BassDrive is truly a secret weapon, in that it’s a pet plugin for the notorious Slipperman! I kept it under wraps for years but now the secret identity of Slippy is known, and so too the secret of the plugin can be. I will tell all. And to be fair, this one isn’t becoming a freebie. I’m going to tie it to Golem, another Slippernian plugin, and with a bit of luck he will approve of me not starving and all, and appreciate me not outright throwing it in the freebie bin.

Remember, you have to know how to use these things. Here’s why BassDrive found favor.

All it is, literally, is an early four-band EQ implemented Airwindows fashion. It’s not even all Airwindows EQ code, it’s the only example of ‘cookbook’ EQ curves Airwindows has. Technically, they’re implemented like little convolution kernels, and they are also interleaved (which isn’t normal).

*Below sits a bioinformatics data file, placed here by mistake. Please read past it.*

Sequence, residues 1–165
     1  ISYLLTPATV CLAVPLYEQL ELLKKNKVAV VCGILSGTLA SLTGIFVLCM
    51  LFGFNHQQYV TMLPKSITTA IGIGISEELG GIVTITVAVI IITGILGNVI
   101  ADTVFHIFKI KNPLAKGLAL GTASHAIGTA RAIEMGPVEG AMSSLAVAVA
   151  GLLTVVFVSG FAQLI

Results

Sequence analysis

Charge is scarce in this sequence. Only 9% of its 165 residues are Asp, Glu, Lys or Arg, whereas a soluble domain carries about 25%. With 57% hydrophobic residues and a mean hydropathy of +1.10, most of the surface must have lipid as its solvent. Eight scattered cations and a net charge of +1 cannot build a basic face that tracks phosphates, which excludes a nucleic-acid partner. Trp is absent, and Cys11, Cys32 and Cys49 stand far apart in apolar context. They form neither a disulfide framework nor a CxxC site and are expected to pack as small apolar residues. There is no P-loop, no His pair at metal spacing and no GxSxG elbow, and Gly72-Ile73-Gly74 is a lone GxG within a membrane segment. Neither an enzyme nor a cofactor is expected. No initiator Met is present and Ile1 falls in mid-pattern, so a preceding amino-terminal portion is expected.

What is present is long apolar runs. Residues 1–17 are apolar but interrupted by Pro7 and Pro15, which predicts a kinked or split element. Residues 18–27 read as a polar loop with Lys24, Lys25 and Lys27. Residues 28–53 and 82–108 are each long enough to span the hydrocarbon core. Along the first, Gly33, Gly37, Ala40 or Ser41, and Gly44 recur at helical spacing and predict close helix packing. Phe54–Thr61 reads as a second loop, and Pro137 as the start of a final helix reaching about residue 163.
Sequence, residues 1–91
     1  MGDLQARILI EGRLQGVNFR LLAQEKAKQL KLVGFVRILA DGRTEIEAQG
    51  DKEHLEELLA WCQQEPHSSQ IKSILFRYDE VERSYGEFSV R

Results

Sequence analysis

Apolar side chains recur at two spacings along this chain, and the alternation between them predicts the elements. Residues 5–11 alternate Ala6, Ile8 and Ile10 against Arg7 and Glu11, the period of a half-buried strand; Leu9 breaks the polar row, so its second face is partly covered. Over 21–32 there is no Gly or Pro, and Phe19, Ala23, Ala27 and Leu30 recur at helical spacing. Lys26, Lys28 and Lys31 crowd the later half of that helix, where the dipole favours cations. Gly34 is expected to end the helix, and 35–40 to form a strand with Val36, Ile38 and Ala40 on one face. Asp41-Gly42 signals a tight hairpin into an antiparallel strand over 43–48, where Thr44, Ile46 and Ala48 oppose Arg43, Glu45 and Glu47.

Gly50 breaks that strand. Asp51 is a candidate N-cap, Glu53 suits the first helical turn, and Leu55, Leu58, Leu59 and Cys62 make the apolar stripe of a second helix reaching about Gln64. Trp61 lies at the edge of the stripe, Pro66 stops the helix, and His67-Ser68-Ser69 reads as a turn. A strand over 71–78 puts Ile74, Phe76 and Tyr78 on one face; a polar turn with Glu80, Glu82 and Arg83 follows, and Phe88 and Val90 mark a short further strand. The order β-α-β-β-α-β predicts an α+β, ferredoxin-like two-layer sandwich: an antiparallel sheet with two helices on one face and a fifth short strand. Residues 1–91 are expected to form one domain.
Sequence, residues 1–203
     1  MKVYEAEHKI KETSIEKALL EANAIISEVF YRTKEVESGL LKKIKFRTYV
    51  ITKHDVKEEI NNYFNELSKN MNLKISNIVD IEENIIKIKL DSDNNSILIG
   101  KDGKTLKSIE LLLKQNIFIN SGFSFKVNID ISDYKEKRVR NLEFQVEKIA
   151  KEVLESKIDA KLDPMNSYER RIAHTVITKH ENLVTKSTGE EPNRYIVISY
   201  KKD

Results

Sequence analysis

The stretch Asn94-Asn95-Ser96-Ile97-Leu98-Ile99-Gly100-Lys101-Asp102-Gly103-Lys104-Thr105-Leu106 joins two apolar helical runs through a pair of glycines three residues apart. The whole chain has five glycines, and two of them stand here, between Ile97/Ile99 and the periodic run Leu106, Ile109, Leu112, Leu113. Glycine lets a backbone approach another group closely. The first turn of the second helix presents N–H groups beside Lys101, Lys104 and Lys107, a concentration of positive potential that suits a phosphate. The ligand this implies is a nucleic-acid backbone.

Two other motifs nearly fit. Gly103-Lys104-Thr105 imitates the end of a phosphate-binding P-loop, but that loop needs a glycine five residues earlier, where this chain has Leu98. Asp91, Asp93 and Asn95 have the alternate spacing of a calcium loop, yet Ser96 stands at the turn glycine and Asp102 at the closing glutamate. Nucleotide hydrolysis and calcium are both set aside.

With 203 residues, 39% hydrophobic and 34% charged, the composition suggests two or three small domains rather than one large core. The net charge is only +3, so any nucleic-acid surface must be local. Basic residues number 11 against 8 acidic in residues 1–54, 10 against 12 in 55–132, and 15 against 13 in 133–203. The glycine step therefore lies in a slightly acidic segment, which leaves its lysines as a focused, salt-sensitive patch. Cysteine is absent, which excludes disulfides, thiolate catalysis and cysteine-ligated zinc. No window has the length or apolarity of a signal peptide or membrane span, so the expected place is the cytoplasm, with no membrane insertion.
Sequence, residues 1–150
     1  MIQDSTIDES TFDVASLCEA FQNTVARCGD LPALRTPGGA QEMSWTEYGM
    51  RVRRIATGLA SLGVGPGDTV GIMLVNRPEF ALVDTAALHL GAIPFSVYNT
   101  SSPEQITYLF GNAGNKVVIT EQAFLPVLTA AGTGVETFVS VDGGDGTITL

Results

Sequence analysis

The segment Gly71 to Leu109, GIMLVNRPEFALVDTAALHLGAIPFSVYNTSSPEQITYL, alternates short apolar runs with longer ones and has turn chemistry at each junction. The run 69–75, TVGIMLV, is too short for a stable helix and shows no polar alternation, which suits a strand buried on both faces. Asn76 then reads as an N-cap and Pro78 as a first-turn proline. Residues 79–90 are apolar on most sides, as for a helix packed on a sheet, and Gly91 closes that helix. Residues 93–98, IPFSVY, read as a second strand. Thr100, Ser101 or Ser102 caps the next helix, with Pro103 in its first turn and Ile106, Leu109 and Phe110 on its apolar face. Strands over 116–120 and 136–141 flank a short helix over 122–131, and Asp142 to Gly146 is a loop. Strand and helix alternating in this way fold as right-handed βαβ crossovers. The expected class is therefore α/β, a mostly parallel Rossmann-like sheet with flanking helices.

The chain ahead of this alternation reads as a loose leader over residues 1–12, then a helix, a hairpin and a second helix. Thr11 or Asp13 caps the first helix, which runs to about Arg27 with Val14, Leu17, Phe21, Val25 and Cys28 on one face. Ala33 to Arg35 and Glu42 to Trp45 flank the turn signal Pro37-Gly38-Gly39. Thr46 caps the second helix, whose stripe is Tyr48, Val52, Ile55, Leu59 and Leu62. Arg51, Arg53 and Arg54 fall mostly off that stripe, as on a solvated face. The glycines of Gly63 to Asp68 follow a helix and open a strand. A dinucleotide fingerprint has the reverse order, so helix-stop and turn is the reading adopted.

But more than that, they are implemented in such a way that every EQ band gets a saturation curve. The harder you ‘push’ the bands, the more they come forward in the mix. This is vital to voicing up-front sounds, it means you can spatially contour a sound rather than just fiddle with frequency components.

The bands are super-aggressive, though the highs are crazier than the lows. Then, there’s the drive control on the end, which is just another saturation stage.

Be aware of one thing: CStrip (and its precursor EQ) do the same thing as this. They do it less extremely and less aggressively, but they’re doing the same thing. BassDrive is just the one that can throw on sick boosts, the one that voices the bands differently and more rigidly than CStrip does, and with an extra gain stage to gel everything together.

If that works for you, you can have BassDrive. To get it, buy a copy of Golem (yes, a basic sort of utility for $50 but now you know it comes with a secret plugin) and ask for BassDrive in email. I’ll send it.